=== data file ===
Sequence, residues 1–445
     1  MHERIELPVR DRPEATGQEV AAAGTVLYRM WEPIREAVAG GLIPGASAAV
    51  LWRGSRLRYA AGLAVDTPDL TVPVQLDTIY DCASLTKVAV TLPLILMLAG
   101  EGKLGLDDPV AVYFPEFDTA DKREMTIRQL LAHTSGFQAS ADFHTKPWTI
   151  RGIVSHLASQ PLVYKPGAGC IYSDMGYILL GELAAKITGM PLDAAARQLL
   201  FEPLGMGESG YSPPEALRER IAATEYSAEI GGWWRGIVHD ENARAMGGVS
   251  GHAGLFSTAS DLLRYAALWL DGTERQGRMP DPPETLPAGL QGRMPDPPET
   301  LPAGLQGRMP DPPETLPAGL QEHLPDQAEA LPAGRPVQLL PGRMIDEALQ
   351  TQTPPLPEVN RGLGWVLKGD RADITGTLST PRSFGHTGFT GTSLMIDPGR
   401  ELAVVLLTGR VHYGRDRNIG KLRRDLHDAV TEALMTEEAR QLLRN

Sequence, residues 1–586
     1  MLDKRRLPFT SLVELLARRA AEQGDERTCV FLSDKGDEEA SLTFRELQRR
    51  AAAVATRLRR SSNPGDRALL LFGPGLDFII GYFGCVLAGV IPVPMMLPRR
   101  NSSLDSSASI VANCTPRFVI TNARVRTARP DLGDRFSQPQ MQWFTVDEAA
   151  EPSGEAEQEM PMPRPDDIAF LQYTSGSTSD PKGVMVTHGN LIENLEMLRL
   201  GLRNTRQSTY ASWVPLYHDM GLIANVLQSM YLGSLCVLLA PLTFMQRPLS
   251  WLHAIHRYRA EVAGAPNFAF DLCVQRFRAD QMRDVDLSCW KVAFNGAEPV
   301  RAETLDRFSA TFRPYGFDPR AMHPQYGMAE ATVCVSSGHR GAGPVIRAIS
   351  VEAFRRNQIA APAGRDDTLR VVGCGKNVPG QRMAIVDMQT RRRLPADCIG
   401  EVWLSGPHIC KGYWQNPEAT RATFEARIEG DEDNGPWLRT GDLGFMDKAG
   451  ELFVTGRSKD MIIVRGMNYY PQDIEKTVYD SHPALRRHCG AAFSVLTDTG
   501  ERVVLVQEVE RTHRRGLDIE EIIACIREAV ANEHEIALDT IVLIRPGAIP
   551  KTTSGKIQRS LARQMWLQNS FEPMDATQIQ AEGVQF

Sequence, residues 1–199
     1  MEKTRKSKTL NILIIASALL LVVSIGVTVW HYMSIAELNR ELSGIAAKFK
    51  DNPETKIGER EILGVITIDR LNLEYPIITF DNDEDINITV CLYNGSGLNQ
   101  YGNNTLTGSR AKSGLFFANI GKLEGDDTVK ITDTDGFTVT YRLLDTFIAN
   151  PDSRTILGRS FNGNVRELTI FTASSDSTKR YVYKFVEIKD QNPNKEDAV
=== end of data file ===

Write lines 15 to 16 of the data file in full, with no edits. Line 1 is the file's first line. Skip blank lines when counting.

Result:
   151  EPSGEAEQEM PMPRPDDIAF LQYTSGSTSD PKGVMVTHGN LIENLEMLRL
   201  GLRNTRQSTY ASWVPLYHDM GLIANVLQSM YLGSLCVLLA PLTFMQRPLS